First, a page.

In March’s School of Medicine Paper of the Month, OHSU researchers reveal important consequences of maternal diet on fetal development. Their article, entitled, “Maternal High Fat Diet Is Associated with Decreased Plasma n–3 Fatty Acids and Fetal Hepatic Apoptosis in Nonhuman Primates,” was published in the online journal PLoS ONE. The research team was composed of a collaborative effort between members of several OHSU labs, including Wilmon Grant, MCR, PhD candidate; Melanie Gillingham, PhD, assistant professor in the department of Molecular & Medical Genetics; Ayesha Batra, Research Associate; Natasha Fewkes, MD Fellow; Sarah Comstock, PhD candidate; Diana Takahashi, Senior Research Associate; Theodore Braun MD, PhD candidate; Kevin Grove, PhD; Jacob Friedman, PhD; and Daniel Marks, MD, PhD, associate professor in the Department of Pediatrics.
Using a unique nonhuman primate model, the researchers measured circulating concentrations of omega-3 fatty acids in the plasma of pregnant moms and their fetuses. They found that the levels of these beneficial fatty acids were significantly reduced in moms fed a high-fat diet, when compared with normal, control diet individuals. These fatty acids, including docosahexaenoic acid (DHA), are important for multiple developmental processes, including brain development and liver function. The researchers confirmed this importance by showing that the reduced levels of omega-3 fatty acids correlate to an increase in liver disease.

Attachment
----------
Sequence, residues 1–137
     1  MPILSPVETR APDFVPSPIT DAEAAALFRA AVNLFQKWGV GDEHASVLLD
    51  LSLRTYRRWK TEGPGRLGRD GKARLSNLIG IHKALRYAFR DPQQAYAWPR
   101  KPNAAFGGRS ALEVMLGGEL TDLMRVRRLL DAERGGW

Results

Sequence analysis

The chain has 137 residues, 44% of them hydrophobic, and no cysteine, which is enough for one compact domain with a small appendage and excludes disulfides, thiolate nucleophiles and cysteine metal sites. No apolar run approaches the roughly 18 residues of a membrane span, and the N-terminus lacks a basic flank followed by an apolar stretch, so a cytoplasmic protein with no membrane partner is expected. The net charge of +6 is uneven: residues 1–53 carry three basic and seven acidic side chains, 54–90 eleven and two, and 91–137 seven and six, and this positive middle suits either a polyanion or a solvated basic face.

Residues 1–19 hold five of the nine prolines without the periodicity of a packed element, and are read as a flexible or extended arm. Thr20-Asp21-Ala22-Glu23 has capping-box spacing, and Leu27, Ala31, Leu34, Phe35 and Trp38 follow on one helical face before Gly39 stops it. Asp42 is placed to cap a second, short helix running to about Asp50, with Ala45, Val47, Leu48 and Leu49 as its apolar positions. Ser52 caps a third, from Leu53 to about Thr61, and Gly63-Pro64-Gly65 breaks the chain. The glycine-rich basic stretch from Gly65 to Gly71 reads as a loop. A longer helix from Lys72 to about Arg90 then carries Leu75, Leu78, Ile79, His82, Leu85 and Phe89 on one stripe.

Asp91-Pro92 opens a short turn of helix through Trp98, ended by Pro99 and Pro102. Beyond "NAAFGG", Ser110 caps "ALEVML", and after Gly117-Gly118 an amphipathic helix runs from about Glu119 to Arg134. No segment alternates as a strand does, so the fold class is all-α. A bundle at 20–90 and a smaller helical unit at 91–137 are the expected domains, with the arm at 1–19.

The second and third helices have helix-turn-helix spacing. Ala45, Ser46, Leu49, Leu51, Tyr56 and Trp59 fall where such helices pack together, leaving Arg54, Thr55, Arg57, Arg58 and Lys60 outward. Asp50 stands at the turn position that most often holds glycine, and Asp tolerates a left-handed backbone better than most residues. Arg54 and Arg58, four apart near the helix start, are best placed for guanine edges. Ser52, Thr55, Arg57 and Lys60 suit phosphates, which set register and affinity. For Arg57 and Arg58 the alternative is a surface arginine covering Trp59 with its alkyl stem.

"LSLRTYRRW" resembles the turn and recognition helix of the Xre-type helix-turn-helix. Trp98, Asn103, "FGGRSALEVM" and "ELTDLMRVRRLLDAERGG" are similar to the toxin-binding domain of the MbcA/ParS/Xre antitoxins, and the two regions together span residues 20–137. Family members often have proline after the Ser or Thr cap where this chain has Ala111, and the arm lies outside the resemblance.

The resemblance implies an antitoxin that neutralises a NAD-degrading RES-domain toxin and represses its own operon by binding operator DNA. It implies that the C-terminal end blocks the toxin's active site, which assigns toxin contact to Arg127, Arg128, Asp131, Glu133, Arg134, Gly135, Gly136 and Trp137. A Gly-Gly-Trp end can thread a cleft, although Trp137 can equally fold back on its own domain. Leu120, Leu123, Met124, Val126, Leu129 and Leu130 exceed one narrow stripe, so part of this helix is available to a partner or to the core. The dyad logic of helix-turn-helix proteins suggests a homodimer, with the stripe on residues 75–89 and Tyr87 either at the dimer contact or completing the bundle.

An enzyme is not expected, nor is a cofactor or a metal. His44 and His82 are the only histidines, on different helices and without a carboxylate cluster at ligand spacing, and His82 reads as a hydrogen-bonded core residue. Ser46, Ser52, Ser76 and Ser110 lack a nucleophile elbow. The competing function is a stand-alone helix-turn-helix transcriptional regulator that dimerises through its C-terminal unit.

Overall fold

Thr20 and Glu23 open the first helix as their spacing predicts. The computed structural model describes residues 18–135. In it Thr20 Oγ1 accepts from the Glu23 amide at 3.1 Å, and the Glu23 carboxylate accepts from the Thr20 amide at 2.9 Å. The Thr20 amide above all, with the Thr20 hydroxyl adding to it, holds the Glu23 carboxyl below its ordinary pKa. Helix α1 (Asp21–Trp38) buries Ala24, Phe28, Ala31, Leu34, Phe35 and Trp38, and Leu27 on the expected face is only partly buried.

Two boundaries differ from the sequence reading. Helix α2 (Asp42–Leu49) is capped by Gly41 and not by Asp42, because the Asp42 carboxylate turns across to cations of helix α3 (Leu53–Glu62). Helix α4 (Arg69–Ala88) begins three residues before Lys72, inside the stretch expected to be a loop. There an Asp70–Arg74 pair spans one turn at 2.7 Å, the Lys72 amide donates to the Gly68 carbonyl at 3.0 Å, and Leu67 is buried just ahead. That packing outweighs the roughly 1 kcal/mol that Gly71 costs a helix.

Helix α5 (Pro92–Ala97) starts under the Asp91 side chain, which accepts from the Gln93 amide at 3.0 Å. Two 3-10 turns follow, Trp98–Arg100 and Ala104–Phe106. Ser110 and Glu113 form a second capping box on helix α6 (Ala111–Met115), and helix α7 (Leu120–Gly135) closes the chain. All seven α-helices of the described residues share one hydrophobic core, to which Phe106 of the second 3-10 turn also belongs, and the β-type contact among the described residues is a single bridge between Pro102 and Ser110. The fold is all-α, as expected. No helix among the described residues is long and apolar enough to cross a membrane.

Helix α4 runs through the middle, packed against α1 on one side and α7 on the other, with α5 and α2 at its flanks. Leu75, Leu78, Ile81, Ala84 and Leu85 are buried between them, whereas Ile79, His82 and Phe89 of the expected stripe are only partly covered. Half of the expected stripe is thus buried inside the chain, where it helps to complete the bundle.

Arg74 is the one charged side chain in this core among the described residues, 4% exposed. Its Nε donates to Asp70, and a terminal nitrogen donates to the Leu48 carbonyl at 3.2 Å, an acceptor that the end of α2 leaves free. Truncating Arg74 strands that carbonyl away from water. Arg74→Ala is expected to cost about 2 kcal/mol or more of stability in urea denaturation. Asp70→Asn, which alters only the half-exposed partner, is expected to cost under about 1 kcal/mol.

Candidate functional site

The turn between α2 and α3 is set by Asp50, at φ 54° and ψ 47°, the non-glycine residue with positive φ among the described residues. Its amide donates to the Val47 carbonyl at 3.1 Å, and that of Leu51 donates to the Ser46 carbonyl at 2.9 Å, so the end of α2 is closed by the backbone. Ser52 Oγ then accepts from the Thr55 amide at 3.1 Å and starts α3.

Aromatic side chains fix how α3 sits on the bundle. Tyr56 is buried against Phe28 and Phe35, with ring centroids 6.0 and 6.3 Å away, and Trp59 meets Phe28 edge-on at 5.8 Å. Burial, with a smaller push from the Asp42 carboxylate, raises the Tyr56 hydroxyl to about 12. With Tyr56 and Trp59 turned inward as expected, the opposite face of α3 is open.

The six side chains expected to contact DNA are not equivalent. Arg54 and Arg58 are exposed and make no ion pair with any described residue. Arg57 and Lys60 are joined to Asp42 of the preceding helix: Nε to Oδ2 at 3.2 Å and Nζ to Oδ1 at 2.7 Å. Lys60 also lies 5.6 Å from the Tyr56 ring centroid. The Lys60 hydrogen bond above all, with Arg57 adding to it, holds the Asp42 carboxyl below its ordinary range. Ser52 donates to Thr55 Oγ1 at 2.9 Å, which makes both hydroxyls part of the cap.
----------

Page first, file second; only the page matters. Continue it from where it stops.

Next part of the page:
Interestingly, the authors also found that the effects of the high-fat diet were reversible, if the diet of an obese mom was switched to a low-fat control diet during pregnancy. This included a return to normal levels of plasma omega-3 fatty acids in both the mother and the fetus, as well as normal liver cell functions.
Read more on the School of Medicine website.